•I have been. I’d say go for it. Don’t wait. I mean, don’t be stupid, but go for it. I wish that I felt when I was 25 the way I feel now. When you’re 25 you think, “Oh, I’ve got my whole life ahead of me,” so you wait. Go for it.

•If only you had the wisdom you have as an older person but then the body you had when you were 25.

•Soren Kierkegaard says you need to live life forward, but the only way you can figure it out is by looking backward.

•I would say follow your gut more and what society wants you to do less. More of what you feel is right for you, follow that instead of doing what you’re supposed to do like get married, have kids, make a living. All of those things are really good, but that’s all going to come into place if you follow your dreams. So finding joy in following that instead of making the whole thing a job because life isn’t a job, it’s living.

•What I thought I wanted at 25 was different than what I found I enjoyed at 65.

•I guess you don’t know yourself when you’re younger.

•You know yourself through the eyes of the people around you.

•You haven’t had enough experience to realize who you really are.

•I grew up really fast, and I think being grown up is overrated.

•Being a child again, when you have grandchildren, is wonderful.

The wonders of getting older

The wonders of getting older

For me, I think it’s absolutely wonderful that I’ve let go of trying to be who other people think I should be and learned I can do incredible things that I never dreamed I could do. I dance three days a week, I do yoga, I do tai chi, and sing in a couple choirs. People always said I was going to be an artist, you know, that’s what I should be, that’s what I was good at. I spent a long time doing that, never made money on it hardly, but I spent a lot of time doing that and getting published and getting good at it. I’ve learned to do healing work, spiritual healing work. It’s just been really incredible realizing my own potential.

[I wonder what it is about growing a little older that lets you close those doors.]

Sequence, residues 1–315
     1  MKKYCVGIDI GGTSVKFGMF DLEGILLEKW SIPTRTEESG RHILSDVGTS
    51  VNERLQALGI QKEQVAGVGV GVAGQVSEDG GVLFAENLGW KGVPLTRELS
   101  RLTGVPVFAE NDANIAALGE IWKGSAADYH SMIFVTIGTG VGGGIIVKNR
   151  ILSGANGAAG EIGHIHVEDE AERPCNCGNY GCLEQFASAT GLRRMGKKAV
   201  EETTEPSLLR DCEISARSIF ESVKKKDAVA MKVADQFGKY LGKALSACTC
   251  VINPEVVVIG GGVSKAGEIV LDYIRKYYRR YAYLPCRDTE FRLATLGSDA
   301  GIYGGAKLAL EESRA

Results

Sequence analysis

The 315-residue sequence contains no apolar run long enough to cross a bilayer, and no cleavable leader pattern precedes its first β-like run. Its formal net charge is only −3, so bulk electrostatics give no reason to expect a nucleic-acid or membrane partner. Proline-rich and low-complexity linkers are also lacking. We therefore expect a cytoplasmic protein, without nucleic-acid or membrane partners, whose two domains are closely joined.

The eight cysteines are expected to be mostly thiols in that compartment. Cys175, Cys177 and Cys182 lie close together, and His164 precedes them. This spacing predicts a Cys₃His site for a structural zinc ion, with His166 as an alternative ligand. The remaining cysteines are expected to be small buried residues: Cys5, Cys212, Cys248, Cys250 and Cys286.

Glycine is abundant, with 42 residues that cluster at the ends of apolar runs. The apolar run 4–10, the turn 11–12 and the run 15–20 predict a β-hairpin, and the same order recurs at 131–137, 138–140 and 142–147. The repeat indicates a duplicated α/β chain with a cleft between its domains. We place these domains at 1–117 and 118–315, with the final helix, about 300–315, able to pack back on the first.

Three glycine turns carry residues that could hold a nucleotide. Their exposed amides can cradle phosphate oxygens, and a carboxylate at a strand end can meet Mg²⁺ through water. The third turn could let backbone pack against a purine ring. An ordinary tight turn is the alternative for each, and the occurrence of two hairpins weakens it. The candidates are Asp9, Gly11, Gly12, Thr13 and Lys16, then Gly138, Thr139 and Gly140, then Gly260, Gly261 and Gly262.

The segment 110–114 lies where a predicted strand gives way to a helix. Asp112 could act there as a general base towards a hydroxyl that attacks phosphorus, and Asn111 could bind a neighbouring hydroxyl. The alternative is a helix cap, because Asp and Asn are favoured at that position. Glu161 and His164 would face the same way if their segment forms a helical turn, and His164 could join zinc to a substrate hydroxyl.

You get to a point sometimes that you don’t give a damn what people think, and it’s wonderful, it’s so freeing. You don’t have to please everybody to get a paycheck or whatever. You’ve got savings and you realize it’s not cutting it anymore; you might as well really live your life. You only have so much time left, you might as well enjoy it.

•Janis Joplin – “Freedom is just another word for nothing left to lose.” And it’s true. ‘Cause all of a sudden when you get to a certain age, why not? Why not go ahead with this or that?

•If you’re not going to do it now, you’re not going to get it done at all. You might as well live your life while you’re still here.

•People come around to me and say, “I’m sorry”–it’s kind of a throw-away line, you know. Sometimes they really mean it, sometimes it’s just…you know. It’s sort of social grace. I tell them, “When you get to be my age, you will discover that guilt and anxiety are really worthless emotions.” Get rid of it. It’ll make you stronger, it’ll free you.

•Free to have a good time.

•Yeah, and that there’s only so much time. I’ve had serious health issues throughout my life and really big things have happened. After that, this is all just extra. When I turned 50, I decided I’m going to do things that I love to do.

•When you’re 75, you can do even more.

•I will, I will! I’m 56. So I took dance lessons, and while I was there, I just had this image of me singing on stage, and I asked if I could go early, and I sang. And she said, “You know, you can sing, why don’t you take some voice lessons?” So I did, and now I sing on stage, and I’m still terrified, but I still do it, and I sing in three different groups. I live in two places, so in my other home I do that there, and here I just sing in choirs, and that’s how I started writing. I have a really good love song I wrote in this past year—very honest. It’s called “In the Eyes of a Dream.” So that’s been kind of a joy for me to write because I could write for most of my life, but I never wrote songs. I just wake up and there’s a melody in my head, and I realize that isn’t a song I know, that’s new. So then the words start coming as I’m humming into my little recorder and that’s how I write. This summer for the first time I got to perform them in front of about 300 people. My own music! I just couldn’t believe it; it was so cool. Someone recorded it and I actually have the recording at home because I still wouldn’t believe I did that. So I think that’s what about getting older is—-is that you get to do things that even surprise yourself, that I didn’t know I could do that. But letting go of those limits or anxiety or people-pleasing or all those things that we do that’s about other people because then we’re focused on doing what we want to do with our own lives. At this point in life I can do that. I’ve given myself permission to do that. I don’t attain that all the time, but I sometimes give myself permission to do that. And what a waste if you didn’t do that with your life!